GIST of India Year Book 2024


Short Notes or Revision Notes 

Important concepts

  • Finance Commission:
    • Established by the President of India (Article 280)
    • Recommends distribution of tax revenue between center and states
    • Addresses imbalances between tax powers and expenditure responsibilities
    • Works towards equalization of public services across states
  • World Heritage Sites:
    • Cultural or natural sites of outstanding universal value
    • Important across countries and generations
  • Anand Karaj: Sikh marriage ceremony meaning “Blissful Union”
  • Supreme Court Jurisdiction:
    • Original jurisdiction (exclusive):
      • Disputes between government of India and states
      • Between two or more states
    • Appellate jurisdiction: Appeals from High Courts involving substantial questions of law regarding the Constitution (civil and criminal cases)
    • Advisory jurisdiction: Advice provided to the President on specific referrals (Article 143)
  • Directive Principles of State Policy: Guidelines in constitutions for promoting welfare, social justice, and economic development
  • Phytogeographical region: Area with uniform climate and distinct vegetation type


Chapter-1 : The Land & People

A Land of Rich History and Diversity: India

  • One of the oldest and greatest civilizations in the world.
  • Area: 3.29 million square kilometers.
  • Seventh-largest country in the world by land area.
  • Second-largest country by population.
  • Bordered by the Great Himalayas, Indian Ocean, Bay of Bengal, and Arabian Sea.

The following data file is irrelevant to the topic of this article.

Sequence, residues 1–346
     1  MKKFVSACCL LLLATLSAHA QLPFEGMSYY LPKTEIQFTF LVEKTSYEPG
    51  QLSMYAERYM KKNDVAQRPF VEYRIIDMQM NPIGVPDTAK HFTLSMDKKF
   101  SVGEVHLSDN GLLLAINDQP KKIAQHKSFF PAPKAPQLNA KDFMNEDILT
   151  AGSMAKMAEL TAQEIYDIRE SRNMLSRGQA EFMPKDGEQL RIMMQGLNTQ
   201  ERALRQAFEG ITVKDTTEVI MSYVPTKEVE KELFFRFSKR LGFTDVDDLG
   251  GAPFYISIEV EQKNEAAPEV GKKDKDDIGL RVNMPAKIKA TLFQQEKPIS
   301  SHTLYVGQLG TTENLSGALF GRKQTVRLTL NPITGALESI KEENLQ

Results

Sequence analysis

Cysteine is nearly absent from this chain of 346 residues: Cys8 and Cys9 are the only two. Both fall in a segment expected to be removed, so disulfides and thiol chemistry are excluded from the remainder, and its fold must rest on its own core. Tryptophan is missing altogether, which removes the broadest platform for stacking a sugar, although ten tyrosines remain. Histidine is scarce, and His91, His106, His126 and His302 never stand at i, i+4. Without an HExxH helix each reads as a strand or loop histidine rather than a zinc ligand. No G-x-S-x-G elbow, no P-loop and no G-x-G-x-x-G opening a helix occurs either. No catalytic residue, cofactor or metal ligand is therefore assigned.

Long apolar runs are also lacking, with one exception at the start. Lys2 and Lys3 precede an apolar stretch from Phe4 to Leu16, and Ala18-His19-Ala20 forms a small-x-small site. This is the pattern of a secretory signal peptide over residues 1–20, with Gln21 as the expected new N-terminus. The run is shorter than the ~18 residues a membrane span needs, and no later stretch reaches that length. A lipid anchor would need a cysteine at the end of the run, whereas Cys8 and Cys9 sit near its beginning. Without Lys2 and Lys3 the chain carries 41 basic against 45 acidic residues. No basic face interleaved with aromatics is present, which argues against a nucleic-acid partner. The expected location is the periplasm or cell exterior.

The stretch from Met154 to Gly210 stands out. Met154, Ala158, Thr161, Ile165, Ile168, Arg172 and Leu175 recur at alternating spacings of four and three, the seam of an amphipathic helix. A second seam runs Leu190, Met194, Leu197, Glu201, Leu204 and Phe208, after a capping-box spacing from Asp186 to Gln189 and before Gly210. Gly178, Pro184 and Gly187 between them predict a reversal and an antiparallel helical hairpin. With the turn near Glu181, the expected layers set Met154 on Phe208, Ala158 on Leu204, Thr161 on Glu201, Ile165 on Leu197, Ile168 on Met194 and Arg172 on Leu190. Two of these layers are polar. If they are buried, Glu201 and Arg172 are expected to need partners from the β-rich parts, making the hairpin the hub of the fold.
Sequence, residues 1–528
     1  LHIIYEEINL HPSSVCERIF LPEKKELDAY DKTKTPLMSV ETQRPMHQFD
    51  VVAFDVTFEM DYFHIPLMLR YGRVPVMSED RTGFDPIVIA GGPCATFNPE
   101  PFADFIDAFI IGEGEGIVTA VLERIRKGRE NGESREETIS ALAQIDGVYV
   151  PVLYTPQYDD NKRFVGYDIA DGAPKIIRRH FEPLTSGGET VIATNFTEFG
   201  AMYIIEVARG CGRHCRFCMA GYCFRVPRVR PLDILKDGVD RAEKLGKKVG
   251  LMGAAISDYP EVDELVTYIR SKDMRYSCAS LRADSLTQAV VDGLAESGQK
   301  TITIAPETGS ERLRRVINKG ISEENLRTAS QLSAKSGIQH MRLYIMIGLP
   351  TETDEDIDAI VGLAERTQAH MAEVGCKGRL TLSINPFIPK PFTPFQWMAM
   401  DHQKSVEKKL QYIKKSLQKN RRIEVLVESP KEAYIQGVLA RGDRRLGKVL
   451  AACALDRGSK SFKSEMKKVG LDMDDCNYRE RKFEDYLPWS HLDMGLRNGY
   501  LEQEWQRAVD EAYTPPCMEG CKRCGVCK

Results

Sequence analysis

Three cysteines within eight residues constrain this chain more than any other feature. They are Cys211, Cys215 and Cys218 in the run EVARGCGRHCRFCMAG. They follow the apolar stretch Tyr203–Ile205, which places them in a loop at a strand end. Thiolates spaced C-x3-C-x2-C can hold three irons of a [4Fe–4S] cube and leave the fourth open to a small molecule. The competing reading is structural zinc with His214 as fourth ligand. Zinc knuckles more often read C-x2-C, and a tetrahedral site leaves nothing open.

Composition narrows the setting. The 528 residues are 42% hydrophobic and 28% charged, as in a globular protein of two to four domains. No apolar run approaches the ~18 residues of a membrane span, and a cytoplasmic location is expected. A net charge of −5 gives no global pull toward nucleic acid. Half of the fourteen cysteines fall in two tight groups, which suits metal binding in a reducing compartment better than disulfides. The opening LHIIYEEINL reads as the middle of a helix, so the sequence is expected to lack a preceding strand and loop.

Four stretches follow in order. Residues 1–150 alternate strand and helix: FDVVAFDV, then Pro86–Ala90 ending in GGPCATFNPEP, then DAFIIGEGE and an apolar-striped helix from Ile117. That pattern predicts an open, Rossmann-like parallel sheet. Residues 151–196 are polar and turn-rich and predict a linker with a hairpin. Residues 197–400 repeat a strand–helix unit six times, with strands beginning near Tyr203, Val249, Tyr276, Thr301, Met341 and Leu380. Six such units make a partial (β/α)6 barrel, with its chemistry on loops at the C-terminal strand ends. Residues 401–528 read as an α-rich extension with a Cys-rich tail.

• Six geographic zones: North, South, East, West, Central, Northeast.
  • 28 states and 8 union territories.

Diverse Physical Features of India

  • India’s landscape is incredibly diverse, with four main regions:
  • The Himalayas: Towering peaks and fertile valleys form India’s northern boundary. This majestic mountain range resulted from the collision of the Indian and Eurasian plates millions of years ago.
  • The Indo-Gangetic Plains: These fertile plains, formed by the rivers Ganges and Indus, are among the most densely populated areas in the world.
  • The Thar Desert: This desert region, located in northwest India, is divided into the “great desert” and the “little desert.”
  • The Deccan Peninsula: This southern region is marked by plateaus, hills, and coastal plains.

Geological Formation

  • Himalayas:Formed by the collision of the Indian and Eurasian plates.
  • Peninsula:Composed of ancient rock formations dating back billions of years, along with volcanic activity and sedimentary deposits.

River Systems

  • Four Groups:
    • Himalayan rivers (e.g., Ganges, Indus) – originate from snow and glaciers, with continuous flow and swelling during monsoons.
    • Deccan rivers (e.g., Godavari, Krishna) – rainfed and fluctuate in volume.
    • Coastal rivers – shorter with limited catchment areas.
    • Inland drainage basin rivers (e.g., Luni River) – few and far between.


  • Influenced by:Oceans, Himalayas, Thar Desert
  • Four Seasons:Winter, pre-monsoon/summer, southwest monsoon, post-monsoon/northeast monsoon
  • Monsoon:Brings heavy rainfall from June to September, crucial for agriculture and hydrology.


  • North Indian Ocean:Prone to cyclones, especially during the post-monsoon and pre-monsoon seasons.
  • Impact:Large-scale destruction upon landfall.

India’s Rich Tapestry: Flora, Fauna, and Demographics

  • Flora:
    • Diverse plant life due to varied climate and geography.
    • 11 phytogeographical zones with unique vegetation.
  • Fauna:
    • High biodiversity with over 2,800 protected species.
    • Zoological Survey of India (ZSI) studies animal life.
    • Significant contributor to global fauna diversity.
  • Demographics:
    • Population over 1.2 billion and projected to grow.
    • Challenges: population density, sex ratio, literacy, migration.
    • Kerala – highest literacy rate, Bihar – lowest.
    • Migration driven by socio-economic factors.
    • Fertility, mortality, and growth rates closely monitored.
  • Diversity Defines India: Geographical, geological, climatic, and demographic factors create a unique nation with both challenges and opportunities for development.

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